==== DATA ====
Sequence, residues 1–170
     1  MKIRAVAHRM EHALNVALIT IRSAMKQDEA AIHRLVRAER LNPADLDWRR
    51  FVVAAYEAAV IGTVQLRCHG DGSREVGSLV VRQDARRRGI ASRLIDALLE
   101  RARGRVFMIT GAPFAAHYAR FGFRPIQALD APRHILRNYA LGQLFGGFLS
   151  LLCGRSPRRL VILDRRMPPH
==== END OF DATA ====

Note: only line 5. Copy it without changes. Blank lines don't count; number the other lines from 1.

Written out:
   151  LLCGRSPRRL VILDRRMPPH